In this edition, we will review a previous question on gross up calculations and get into another question on involuntary deductions.
In a previous edition of the Certified Payroll Professional (CPP) Corner, we talked about gross ups.
Gross ups. In certain cases, an employer may wish to pay an employee’s federal income tax withholding (FITW) and FICA (Social Security and Medicare) taxes without deducting them from the employee’s pay or getting a reimbursement from the employee. This may be desirable, for example, when the employer wants to give an employee a “net” bonus or cover an employee’s relocation expenses in full.
In Payroll Guide ¶4115, we discuss the IRS’s formula for completing a gross up. Since there are payroll calculators to calculate gross ups, like the ones in Checkpoint, it is not as common for payroll professionals to have to make this determination manually. However, this will be on the CPP exam, so best to understand the formula and practice. There might even be a more complicated gross up question on the test with voluntary and/or involuntary deductions so be prepared for either option.
Previous question. We asked you to try to calculate a gross up at the federal level for the following example: An employer wants to give a $500 bonus to one of its employees using the federal income tax withholding rate for bonuses.
Here’s how such a gross up would look:
- Step 1. 100% – 29.65% (7.65% + 22%, the federal tax withholding rate for bonuses) = 70.35%.
- Step 2. $500 ÷ 70.35% = $710.73.
- Step 3. $710.73 × 29.65% = $210.73 ($710.73 − $210.73 = $500 (desired net)).
It is a good idea to test yourself on gross ups at least once a week so the process becomes more familiar. Remember, the CPP exam is a timed test.
Involuntary deductions. Involuntary deductions are amounts that are required to be withheld from an employee’s paycheck. Employers must withhold and pay certain taxes (federal income tax, FICA, state, local) from an employee’s paycheck. However, there are other circumstances where an employer is required to withhold from an employee’s pay. These are involuntary deductions, as opposed to voluntary deductions where an employee elects to have items deducted from his or her pay (i.e., 401(k), cafeteria plan benefits, etc.).
Involuntary deductions are also referred to as wage garnishments, which are types of deductions through which a portion of an employee’s wages is required to be withheld for the payment of a debt. Most garnishments are made by court order. Other types of legal or equitable procedures for garnishment include IRS or state tax collection agency levies for unpaid taxes and federal agency administrative garnishments for non-tax debts owed to the federal government.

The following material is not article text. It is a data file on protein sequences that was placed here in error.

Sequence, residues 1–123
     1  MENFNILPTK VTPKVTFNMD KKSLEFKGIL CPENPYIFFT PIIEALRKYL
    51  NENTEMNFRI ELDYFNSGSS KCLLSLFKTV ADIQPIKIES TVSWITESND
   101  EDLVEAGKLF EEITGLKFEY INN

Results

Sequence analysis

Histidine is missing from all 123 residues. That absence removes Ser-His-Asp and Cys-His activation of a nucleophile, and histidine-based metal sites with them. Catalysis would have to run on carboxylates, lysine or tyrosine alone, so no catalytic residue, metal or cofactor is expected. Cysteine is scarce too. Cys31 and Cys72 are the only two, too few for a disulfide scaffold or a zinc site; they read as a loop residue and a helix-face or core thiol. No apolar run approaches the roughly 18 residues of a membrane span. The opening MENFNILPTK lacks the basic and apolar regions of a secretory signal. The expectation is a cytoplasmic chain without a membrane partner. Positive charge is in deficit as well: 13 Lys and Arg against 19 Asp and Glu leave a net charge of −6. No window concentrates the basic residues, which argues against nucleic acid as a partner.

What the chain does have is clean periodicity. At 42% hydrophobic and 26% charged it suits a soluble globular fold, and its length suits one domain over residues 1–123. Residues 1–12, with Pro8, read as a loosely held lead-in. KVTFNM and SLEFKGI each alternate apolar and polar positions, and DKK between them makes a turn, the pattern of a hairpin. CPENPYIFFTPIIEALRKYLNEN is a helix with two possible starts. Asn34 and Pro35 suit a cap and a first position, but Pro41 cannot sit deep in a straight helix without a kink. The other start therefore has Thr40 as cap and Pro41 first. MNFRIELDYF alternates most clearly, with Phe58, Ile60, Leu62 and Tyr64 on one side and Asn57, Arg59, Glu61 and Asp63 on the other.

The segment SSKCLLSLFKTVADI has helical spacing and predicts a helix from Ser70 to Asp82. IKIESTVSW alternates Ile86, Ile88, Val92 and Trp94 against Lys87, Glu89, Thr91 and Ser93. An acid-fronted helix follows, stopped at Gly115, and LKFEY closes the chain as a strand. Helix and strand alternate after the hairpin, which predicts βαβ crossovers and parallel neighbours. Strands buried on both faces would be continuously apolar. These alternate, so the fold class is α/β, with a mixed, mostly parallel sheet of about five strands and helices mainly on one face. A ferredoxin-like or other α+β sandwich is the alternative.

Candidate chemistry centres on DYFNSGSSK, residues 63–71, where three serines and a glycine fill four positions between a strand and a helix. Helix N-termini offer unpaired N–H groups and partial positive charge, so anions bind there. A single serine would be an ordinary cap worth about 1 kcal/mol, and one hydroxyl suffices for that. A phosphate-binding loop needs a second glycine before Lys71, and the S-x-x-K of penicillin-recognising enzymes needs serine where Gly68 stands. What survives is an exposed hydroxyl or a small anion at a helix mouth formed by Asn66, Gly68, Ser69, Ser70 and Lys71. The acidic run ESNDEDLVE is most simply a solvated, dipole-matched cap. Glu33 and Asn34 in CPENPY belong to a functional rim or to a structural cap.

Wage garnishments do not include voluntary wage assignments, which would be a situation where employees voluntarily agree that their employers turn over a specified amount of their earnings to a creditor.
Consumer Credit Protection Act. Title III of the CCPA (Title III) limits the amount of an individual’s earnings that may be garnished and protects an employee from being fired if pay is garnished for only one debt. The U.S. Department of Labor’s (DOL) Wage and Hour Division (WHD) administers Title III, which applies in all 50 states, the District of Columbia, and all U.S. territories and possessions. Title III protects everyone who receives personal earnings.
The CCPA defines earnings as compensation paid or payable for personal services, including wages, salaries, commissions, bonuses, and periodic payments from a pension or retirement program. Payments from an employment-based disability plan are also earnings.
Limits on the amount of earnings that may be garnished. The amount of pay subject to garnishment is based on an employee’s “disposable earnings,” which is the amount of earnings left after legally required deductions are made. Examples of such deductions include federal, state, and local taxes, and the employee’s share of Social Security, Medicare and State Unemployment Insurance tax. It also includes withholdings for employee retirement systems required by law.
Deductions not required by law usually may not be subtracted from gross earnings when calculating disposable earnings under the CCPA. Title III sets the maximum amount that may be garnished in any workweek or pay period, regardless of the number of garnishment orders received by the employer.
CPP exam question. For ordinary garnishments (i.e., those not for support, bankruptcy, or any state or federal tax), what is the weekly amount that may not be exceeded?
- 15% of the employee’s disposable earnings, or the amount by which an employee’s disposable earnings are greater than 20 times the federal minimum wage.
- 25% of the employee’s disposable earnings, or the amount by which an employee’s disposable earnings are greater than 30 times the federal minimum wage.
- 30% of the employee’s disposable earnings, or the amount by which an employee’s disposable earnings are greater than 35 times the federal minimum wage.
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